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Mediation Principles

Last modified: 3/6/2012 4:10 PM

Voluntary Process:

  • Both parties must agree to participate in mediation.
  • Mediation is a court-referred process, not a court ordered one. Therefore, no party may be forced to mediate nor to agree to terms proposed during a mediation.
  • Participation in mediation does not automatically eliminate the court date. The court date remains in effect and parties are obligated to appear if no agreement is reached prior to that date.

Confidential Process:

  • Parties to a mediation agree to hold in confidence (e.g. not to talk about) all topics and aspects discussed during the mediation with anyone not involved in the mediation.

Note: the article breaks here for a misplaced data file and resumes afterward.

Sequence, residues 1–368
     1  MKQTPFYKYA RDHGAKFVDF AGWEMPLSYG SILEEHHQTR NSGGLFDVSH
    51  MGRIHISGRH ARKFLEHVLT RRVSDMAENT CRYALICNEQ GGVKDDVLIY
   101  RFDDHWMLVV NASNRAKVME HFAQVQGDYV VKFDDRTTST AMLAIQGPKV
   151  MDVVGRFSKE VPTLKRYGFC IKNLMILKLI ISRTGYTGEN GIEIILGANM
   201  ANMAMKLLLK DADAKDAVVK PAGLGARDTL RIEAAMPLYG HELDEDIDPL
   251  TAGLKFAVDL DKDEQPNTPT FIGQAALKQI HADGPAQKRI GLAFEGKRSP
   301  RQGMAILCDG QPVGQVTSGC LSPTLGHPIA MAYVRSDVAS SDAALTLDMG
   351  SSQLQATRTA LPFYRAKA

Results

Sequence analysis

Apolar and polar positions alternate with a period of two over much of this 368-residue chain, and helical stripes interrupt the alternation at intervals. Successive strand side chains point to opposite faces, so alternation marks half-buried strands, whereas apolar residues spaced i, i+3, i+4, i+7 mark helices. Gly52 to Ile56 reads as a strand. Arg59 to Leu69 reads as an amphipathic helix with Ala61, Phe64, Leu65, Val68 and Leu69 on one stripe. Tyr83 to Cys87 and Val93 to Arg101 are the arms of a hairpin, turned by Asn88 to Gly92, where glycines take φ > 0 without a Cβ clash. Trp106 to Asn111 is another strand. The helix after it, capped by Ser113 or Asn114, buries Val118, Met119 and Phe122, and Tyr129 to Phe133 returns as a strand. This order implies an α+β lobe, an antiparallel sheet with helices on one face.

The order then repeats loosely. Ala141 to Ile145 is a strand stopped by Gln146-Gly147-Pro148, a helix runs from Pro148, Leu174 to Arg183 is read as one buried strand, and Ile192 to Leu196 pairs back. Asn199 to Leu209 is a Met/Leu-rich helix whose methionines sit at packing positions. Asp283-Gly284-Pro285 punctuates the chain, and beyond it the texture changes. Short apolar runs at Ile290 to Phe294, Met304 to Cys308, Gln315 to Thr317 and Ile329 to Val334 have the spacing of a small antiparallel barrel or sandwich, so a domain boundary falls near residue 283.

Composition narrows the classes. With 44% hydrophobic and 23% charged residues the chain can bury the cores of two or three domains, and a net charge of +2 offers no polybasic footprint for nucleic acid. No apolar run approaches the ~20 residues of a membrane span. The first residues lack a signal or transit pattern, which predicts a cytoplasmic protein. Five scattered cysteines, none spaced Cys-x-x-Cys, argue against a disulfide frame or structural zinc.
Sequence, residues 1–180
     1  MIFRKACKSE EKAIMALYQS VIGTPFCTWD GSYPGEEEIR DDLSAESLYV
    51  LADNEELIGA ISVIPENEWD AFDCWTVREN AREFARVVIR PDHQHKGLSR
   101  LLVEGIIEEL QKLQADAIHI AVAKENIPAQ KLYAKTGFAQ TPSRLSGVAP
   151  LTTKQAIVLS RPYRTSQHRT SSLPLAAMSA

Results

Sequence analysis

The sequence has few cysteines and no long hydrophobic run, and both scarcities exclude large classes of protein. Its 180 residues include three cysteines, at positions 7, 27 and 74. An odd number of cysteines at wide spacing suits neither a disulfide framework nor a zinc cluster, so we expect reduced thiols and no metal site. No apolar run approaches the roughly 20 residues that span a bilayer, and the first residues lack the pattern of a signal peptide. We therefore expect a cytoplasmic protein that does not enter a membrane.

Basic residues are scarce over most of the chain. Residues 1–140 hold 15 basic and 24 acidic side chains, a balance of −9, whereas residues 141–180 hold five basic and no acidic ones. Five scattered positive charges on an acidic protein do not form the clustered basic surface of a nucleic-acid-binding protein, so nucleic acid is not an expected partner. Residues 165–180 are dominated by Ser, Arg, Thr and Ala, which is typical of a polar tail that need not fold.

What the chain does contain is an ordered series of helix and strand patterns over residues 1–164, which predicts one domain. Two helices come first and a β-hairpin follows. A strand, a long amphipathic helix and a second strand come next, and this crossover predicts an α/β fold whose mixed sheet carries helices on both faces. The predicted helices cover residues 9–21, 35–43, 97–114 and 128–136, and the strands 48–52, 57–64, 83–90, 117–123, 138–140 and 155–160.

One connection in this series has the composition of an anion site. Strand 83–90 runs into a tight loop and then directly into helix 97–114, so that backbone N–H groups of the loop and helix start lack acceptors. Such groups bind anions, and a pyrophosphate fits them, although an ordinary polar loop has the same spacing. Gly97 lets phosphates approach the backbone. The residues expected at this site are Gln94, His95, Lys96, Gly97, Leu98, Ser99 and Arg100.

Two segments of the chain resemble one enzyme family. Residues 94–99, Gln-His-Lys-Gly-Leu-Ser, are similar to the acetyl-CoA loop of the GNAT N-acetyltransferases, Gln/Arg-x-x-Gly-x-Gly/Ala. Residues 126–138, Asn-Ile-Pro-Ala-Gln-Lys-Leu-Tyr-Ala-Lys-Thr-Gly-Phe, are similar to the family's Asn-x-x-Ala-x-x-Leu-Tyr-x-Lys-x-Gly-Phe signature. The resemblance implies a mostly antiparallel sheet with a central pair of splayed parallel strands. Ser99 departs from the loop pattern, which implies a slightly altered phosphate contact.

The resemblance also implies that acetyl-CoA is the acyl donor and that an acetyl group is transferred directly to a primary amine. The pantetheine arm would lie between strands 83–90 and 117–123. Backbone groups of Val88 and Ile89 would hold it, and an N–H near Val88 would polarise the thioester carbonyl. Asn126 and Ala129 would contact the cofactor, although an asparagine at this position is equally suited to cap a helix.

• If the parties go to court, they may not subpoena the mediator(s) to testify before the judge as to what transpired during the mediation.
  • All notes taken by the parties and the mediator during the mediation will be collected and destroyed (so that the mediation process may not be used as a tool for preparing for a court appearance).

Good Faith Participation:

  • The parties agree to attend the mediation with an open mind and with the intention of trying to resolve their case before the court date.
  • Parties are expected to cooperate by listening to the other party's perspective. Parties are not expected to concede or to give up something to which they feel rightfully entitled just to make the mediator happy or the process work.
  • If the proposed terms of an agreement are dissatisfactory to the parties, then, at any point during the mediation, they have the right to terminate the process and exercise their right to go to court.